New Orleans owes many beloved Carnival traditions to its African cultural heritage. During the colonial period, many of the enslaved people and Free People of Color in the city came from the Senegambian region of Africa. Their influence on the Gulf Coast can be seen in the region’s cuisine, music, architecture, and unique culture traditions.

Egungun costume, Republic of Benin, Yoruba peoples, Late 20th century, Dallas Museum of Art, gift of Pace Primitive Gallery, New York

Egungun costume, Republic of Benin, Yoruba peoples, Late 20th century, Dallas Museum of Art, gift of Pace Primitive Gallery, New York

Masquerade and processionals are an important aspect of African culture and the continuum of these traditions can be seen in second lines and marching cultures in New Orleans. Drawing from Nigerian beading traditions, Mardi Gras Indians craft spectacular suits for processionals and performances that take an entire year to create and weigh as much as 150 pounds. While the origin of this tradition is not easy to pin down, Mardi Gras Indians name themselves after American Indians to honor the help they provided for people escaping slavery and to “create an identity of strength and resilience.” There are more than 50 Mardi Gras Indian tribes in New Orleans, and on Mardi Gras rival tribes will meet to compete through costume and song.

While I won’t be celebrating Mardi Gras in New Orleans this year, I had to make a king cake, a sweet brioche served during Carnival, for my amazing DMA colleagues to sample. King cake is decorated in the Mardi Gras colors of purple (justice), green (faith), and gold (power) to honor the three kings who visited the Christ child on the Twelfth Night. It traditionally includes a hidden plastic or ceramic baby, and the person who finds the trinket must buy the next king cake or host the next party.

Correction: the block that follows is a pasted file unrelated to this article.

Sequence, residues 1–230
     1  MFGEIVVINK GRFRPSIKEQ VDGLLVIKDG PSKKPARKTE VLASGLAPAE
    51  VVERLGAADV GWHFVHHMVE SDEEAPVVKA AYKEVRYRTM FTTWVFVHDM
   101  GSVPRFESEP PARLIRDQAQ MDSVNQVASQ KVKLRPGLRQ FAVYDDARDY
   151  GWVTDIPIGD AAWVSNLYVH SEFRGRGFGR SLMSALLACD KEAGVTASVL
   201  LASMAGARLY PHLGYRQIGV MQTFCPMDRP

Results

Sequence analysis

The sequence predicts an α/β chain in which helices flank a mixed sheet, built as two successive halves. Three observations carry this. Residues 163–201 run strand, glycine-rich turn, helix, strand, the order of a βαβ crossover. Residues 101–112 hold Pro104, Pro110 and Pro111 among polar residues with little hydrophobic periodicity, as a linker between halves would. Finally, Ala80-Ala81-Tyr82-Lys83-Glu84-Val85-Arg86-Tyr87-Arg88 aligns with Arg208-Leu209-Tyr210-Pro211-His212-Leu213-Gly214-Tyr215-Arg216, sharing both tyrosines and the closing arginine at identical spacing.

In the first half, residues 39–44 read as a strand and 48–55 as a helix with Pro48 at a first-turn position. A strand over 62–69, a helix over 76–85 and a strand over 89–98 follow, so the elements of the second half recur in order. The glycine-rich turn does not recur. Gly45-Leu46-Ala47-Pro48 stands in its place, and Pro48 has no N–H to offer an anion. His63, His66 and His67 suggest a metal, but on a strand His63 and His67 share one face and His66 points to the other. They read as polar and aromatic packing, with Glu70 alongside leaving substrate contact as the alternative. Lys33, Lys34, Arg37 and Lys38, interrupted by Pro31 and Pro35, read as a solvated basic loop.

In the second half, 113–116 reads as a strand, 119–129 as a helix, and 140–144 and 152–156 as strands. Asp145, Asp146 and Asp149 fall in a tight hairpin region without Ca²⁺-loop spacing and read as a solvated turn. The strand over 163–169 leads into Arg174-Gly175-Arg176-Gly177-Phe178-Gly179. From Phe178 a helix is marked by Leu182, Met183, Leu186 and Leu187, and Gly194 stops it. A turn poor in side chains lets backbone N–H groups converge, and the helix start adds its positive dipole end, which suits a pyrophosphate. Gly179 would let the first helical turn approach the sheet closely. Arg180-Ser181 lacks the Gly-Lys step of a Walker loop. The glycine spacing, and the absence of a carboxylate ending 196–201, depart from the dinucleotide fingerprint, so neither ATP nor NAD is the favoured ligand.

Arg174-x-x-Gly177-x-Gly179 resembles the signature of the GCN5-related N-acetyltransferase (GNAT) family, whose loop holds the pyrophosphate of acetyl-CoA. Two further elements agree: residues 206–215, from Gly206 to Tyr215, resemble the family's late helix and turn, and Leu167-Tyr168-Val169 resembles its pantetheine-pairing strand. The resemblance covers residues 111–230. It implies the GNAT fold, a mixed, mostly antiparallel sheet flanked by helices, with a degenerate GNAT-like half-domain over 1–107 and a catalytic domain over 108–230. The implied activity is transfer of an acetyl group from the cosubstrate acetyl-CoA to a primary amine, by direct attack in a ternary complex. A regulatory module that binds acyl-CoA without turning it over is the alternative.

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FYI, calories do not count during Carnival.

After all, in essence, Mardi Gras is about celebrating the sweetness of life with your friends, family, and neighbors.

This Mardi Gras I hope you indulge a little (or a lot!), kick up your heels, and show your community some love. Laissez les bons temps rouler (let the good times roll)!

Lindsay O’Connor
Manager of Docent and Teacher Programs

Happy Black History Month!

February 27, 2017

During the month of February, we’ve been celebrating the legacy, contributions and culture of black persons through our Go van Gogh outreach program, African and African-American Art. With the help of our wonderful volunteers, elementary school children across Dallas have learned about two works of art that were made in Africa and two works of art that were made in the United States by African-American artists.

This African mask and drum are currently on view in the Museum’s 3rd floor Arts of Africa gallery. Come by for a closer look!